Tag Archives: activities

Capturing Wonder

By Holly Wells

Educator, Platypus Room at Karana

 

Environments for children in my eyes can create somewhere to transport. Transport as a means of transporting time, space as well as your thinking. Allowing children to create or explore in ways you may never have imagined. I must say it is one of my favourite things about walking into the Platypus room at Karana. Its as though you are placed a little bee hive. Little bees at work, exploring questions that they feel are need to be answered. More so play than work I must admit… The children decide the resources they research, how to use those resources, where they will be best explored and how much time they need to answer all those unanswered questions…

 

 

Environments are introduced by us with the intention of providing unhurried and valued learning by the children. We aim to create environments that provoke, using resources that inspire.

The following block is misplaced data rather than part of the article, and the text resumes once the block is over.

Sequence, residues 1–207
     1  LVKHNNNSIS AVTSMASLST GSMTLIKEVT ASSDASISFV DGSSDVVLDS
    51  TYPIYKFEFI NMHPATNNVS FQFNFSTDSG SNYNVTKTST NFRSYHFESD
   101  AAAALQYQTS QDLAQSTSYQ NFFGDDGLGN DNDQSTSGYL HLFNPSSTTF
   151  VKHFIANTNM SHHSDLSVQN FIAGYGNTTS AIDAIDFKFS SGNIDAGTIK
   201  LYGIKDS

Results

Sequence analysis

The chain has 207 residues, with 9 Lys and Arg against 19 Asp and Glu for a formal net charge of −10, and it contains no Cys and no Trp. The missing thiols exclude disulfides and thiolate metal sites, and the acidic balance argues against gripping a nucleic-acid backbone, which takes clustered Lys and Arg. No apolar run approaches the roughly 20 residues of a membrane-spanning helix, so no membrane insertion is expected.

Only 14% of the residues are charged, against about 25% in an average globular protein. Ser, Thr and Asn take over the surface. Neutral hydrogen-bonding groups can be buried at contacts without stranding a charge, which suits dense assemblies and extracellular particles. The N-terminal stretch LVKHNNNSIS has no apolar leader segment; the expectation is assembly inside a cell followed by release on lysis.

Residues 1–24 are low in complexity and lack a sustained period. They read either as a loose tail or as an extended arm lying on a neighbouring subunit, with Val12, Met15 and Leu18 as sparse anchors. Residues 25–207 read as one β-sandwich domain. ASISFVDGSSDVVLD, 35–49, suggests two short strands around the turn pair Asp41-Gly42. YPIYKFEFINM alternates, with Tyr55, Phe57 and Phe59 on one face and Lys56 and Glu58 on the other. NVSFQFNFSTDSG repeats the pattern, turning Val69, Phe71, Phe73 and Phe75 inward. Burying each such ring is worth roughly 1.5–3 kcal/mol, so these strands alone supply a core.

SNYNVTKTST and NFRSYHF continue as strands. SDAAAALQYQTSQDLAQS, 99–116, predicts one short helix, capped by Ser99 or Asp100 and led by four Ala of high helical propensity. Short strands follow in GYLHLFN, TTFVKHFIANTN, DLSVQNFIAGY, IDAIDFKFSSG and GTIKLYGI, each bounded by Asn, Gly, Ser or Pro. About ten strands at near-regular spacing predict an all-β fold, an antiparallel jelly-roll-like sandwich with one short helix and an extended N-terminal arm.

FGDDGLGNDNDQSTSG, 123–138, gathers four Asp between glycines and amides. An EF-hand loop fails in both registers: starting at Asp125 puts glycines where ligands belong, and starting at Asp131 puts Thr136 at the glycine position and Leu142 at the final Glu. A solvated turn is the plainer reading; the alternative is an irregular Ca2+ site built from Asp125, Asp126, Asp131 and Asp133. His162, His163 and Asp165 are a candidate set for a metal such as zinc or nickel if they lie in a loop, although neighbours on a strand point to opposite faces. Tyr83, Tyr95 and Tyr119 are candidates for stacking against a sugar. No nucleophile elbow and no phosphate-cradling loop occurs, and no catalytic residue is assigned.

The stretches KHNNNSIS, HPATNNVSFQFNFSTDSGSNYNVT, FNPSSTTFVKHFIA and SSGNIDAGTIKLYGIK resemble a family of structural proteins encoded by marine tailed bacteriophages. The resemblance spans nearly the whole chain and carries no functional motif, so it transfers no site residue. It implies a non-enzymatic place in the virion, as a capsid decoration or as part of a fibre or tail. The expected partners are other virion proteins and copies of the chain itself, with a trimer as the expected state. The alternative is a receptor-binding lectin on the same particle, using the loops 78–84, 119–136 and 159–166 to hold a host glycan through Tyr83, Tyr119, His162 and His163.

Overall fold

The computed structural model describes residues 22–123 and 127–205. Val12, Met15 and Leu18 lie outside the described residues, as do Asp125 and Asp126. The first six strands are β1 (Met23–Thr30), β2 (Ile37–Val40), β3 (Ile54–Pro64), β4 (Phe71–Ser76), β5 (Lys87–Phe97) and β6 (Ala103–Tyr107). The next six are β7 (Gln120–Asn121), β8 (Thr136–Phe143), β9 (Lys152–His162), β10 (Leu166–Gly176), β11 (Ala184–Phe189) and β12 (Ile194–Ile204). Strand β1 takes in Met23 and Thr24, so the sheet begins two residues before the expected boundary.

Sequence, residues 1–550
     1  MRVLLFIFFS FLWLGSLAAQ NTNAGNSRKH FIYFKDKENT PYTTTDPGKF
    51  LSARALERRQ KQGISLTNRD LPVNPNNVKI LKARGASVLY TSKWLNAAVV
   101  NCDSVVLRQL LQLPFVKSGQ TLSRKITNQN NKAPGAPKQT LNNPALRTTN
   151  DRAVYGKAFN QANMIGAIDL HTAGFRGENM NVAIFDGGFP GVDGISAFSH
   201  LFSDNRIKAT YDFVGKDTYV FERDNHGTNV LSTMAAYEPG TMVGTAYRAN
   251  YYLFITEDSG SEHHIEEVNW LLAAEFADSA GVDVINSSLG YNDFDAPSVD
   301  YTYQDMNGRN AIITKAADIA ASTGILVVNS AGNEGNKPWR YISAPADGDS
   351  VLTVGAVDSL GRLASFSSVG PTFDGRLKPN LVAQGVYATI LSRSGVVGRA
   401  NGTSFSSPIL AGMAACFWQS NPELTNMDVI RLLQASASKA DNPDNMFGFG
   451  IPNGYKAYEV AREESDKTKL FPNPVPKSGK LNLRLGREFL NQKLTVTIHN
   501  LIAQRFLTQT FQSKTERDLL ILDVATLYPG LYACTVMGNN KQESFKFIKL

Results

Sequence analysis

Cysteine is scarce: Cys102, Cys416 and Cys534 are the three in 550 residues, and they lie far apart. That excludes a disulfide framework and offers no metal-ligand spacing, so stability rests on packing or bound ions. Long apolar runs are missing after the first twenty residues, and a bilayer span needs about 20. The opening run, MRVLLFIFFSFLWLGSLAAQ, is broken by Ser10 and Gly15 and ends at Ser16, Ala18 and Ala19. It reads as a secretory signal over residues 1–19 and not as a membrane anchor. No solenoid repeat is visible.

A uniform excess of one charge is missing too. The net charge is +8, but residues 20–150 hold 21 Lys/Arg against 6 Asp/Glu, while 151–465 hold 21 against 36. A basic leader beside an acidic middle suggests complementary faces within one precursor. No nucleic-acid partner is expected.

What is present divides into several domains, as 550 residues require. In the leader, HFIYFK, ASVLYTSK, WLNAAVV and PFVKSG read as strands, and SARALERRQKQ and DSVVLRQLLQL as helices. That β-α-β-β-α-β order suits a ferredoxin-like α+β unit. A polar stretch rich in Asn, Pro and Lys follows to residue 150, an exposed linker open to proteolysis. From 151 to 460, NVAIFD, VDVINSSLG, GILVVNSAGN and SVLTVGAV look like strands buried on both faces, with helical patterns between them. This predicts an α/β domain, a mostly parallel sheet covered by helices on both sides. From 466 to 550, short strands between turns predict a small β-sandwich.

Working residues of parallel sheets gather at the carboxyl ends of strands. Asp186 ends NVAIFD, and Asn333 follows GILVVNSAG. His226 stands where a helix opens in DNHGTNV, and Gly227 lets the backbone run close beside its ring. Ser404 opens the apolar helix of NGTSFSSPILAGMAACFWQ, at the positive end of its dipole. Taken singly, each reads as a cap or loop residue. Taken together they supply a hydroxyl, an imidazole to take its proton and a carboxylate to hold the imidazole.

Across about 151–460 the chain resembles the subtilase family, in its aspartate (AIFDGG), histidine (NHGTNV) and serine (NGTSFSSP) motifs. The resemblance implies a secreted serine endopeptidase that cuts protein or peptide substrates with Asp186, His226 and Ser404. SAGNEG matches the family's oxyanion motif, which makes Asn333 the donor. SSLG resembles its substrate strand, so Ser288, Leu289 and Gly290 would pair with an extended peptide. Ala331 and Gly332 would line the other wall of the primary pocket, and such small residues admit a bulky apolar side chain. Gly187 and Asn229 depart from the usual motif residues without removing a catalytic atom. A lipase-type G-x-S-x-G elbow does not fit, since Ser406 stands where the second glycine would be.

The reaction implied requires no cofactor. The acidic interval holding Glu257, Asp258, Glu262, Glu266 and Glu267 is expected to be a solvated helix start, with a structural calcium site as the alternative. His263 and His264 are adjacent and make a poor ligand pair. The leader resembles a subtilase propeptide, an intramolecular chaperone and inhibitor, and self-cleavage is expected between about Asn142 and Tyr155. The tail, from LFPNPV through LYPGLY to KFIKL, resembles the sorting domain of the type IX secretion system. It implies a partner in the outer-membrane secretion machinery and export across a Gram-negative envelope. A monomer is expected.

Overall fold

Recently we have been noticing a decrease in the amount of time children spend in our light area. A shift in interests, changes the aura or feeling towards the area. When I thought about the light area I wondered how it could be made more inviting. I thought about some NOW interests for the children. At the moment they are really excited to be hunting through the yard with baskets in hand to find all different kinds of things. Often bringing us creepy crawlers (sometimes unknowingly until the bugs wiggle or move- AH!). Some children chasing beauty in the patterns and structure of leaves and flowers. So off I went on a little search to see if we could purchase some pre made resin blocks that were filled with things that I thought would be of value. Possibly holding that beauty and wonder. Easy you may think… Its not.

 

So we DIY. Upon research I found that people make the same things I was looking for as jewellery. They were so beautiful and I was in awe of the process. As I watched videos and thought that they looked way too easy to achieve and I was most definitely going to stuff it up when I tried. Well I didn’t stuff it up, and they were super easy to make.